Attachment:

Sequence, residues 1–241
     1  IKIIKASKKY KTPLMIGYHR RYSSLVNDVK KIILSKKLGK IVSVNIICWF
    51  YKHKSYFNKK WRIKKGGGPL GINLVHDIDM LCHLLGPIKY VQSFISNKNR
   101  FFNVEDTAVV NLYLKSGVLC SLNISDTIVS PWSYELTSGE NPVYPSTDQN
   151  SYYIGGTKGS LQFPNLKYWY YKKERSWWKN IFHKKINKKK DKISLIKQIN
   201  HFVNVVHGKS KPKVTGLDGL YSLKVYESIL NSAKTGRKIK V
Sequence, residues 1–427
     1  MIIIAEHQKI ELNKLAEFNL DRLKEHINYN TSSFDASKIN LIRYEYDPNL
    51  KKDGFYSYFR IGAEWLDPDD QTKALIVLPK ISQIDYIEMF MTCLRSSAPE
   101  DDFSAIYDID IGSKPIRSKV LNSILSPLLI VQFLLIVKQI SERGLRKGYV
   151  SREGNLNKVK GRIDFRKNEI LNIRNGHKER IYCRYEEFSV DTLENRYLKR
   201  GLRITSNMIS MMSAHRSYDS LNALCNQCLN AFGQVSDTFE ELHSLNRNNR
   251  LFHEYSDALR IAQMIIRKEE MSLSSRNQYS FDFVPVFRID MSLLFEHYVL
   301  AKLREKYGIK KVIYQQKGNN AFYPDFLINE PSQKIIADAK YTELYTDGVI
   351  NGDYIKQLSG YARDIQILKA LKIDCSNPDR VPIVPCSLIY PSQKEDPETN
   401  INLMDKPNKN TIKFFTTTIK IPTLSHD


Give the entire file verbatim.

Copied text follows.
Sequence, residues 1–241
     1  IKIIKASKKY KTPLMIGYHR RYSSLVNDVK KIILSKKLGK IVSVNIICWF
    51  YKHKSYFNKK WRIKKGGGPL GINLVHDIDM LCHLLGPIKY VQSFISNKNR
   101  FFNVEDTAVV NLYLKSGVLC SLNISDTIVS PWSYELTSGE NPVYPSTDQN
   151  SYYIGGTKGS LQFPNLKYWY YKKERSWWKN IFHKKINKKK DKISLIKQIN
   201  HFVNVVHGKS KPKVTGLDGL YSLKVYESIL NSAKTGRKIK V
Sequence, residues 1–427
     1  MIIIAEHQKI ELNKLAEFNL DRLKEHINYN TSSFDASKIN LIRYEYDPNL
    51  KKDGFYSYFR IGAEWLDPDD QTKALIVLPK ISQIDYIEMF MTCLRSSAPE
   101  DDFSAIYDID IGSKPIRSKV LNSILSPLLI VQFLLIVKQI SERGLRKGYV
   151  SREGNLNKVK GRIDFRKNEI LNIRNGHKER IYCRYEEFSV DTLENRYLKR
   201  GLRITSNMIS MMSAHRSYDS LNALCNQCLN AFGQVSDTFE ELHSLNRNNR
   251  LFHEYSDALR IAQMIIRKEE MSLSSRNQYS FDFVPVFRID MSLLFEHYVL
   301  AKLREKYGIK KVIYQQKGNN AFYPDFLINE PSQKIIADAK YTELYTDGVI
   351  NGDYIKQLSG YARDIQILKA LKIDCSNPDR VPIVPCSLIY PSQKEDPETN
   401  INLMDKPNKN TIKFFTTTIK IPTLSHD